Before we left for the trip, I ordered the Weber grate and a cast iron pan from Academy Sports to use as a diffuser, based on tips I read on here.  I'm still not sure what else I can use that cast iron pan for, but I've never had one before and hope I can find some uses.  I also started researching instant read and dual probe thermometers as I don't have either.  My grilling was based on using time and experience.  I haven't ordered a thermometer yet, but considering the Maverick ET-733 after my cook experience.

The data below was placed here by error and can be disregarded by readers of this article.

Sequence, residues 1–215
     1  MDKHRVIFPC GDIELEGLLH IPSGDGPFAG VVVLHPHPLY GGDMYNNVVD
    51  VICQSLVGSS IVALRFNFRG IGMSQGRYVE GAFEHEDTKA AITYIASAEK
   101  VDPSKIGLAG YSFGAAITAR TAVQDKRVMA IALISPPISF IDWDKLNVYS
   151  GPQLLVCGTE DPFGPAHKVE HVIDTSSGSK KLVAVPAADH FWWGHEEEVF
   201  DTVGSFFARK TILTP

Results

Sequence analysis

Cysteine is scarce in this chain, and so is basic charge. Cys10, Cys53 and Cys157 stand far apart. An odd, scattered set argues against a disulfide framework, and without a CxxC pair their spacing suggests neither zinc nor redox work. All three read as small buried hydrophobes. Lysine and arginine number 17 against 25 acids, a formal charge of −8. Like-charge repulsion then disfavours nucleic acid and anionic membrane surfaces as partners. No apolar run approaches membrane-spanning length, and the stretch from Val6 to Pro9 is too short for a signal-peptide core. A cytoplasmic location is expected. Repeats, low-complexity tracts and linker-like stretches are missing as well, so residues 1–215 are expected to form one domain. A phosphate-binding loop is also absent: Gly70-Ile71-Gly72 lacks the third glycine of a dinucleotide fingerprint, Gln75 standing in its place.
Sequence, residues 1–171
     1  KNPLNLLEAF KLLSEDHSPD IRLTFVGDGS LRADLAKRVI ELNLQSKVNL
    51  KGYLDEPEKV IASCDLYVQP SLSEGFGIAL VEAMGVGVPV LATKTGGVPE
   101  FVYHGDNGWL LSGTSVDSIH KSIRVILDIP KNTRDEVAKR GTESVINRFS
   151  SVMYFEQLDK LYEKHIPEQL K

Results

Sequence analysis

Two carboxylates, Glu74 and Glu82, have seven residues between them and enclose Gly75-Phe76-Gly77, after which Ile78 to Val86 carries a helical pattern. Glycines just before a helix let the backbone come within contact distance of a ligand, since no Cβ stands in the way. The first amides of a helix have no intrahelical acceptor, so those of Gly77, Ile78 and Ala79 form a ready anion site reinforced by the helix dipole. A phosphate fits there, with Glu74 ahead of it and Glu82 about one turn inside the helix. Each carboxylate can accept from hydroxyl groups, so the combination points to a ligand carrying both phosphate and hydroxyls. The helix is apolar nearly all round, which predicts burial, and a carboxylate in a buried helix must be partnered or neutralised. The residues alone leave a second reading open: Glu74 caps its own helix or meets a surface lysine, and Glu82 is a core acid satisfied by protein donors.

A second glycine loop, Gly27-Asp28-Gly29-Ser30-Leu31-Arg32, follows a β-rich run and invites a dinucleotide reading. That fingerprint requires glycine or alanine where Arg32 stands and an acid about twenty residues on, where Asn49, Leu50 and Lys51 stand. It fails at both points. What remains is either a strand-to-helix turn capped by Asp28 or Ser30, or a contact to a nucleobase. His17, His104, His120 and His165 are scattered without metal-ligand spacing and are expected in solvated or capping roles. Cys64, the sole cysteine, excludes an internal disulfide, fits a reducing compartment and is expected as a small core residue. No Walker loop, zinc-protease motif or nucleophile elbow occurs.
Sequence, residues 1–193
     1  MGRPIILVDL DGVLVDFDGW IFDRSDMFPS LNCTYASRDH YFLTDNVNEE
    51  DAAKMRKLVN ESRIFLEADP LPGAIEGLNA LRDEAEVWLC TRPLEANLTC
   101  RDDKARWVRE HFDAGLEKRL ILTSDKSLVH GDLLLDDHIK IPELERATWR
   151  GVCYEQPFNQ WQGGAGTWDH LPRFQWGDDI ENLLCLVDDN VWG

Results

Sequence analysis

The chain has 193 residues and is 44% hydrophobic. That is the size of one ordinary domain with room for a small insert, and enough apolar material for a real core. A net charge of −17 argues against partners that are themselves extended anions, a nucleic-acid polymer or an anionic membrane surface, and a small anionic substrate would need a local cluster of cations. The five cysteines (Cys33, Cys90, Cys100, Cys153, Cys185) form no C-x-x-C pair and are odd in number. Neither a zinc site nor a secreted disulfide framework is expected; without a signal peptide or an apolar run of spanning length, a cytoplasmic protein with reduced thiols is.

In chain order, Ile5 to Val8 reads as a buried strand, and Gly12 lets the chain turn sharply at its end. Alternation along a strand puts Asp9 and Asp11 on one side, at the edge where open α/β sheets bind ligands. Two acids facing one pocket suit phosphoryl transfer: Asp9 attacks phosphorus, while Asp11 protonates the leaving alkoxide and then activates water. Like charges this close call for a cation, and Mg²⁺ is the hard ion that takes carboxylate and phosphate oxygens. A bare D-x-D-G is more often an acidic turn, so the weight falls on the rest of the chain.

After the trip, I got up all excited yesterday morning to fire up the Akorn and get going on a couple of racks of ribs I had bought on the way home.  I filled up the Akorn to the tabs with the lump and some hickory chips mixed in.  I lit the fire using a small piece of some old paraffin based starter I have at home.  I added the diffuser and grate and I slowly brought up the temperature and was headed to about 250 to 275.  I did overshoot to about 350 and did some burps to get it back under 300.  I did get it to settle at about 275 before I put the ribs on, about 90 minutes after I had lit it.  I thought this would still work, but after doing some more reading, realizing I probably needed to be closer to 225.  The temp stayed steady between 275 and 300 the entire time I cooked for with very little change.  I did open the Akorn at about the 3 hr mark and threw a couple of sweet potatoes on the grate.  (In my mind, I was headed for 5 hours of cooking.)  I didn't check the meat at the time, even though looking back now, it was probably already done or past done.  It was very dark at that time, but I assumed it was the brown sugar based rub doing it's thing.  Once again, I don't have any experience with smokers or rubs, so not even sure I would have known how to check them.   After about another hour (4 total now), I opened it up again and realized my ribs were as dark as my lump charcoal.  I took them off and could barely get a knife through to separate the ribs.  I had made a nice double rack of rib jerky at this point.  I took some nice "before" pictures of the ribs going on the grill, but I couldn't even get myself to take the "after" picture.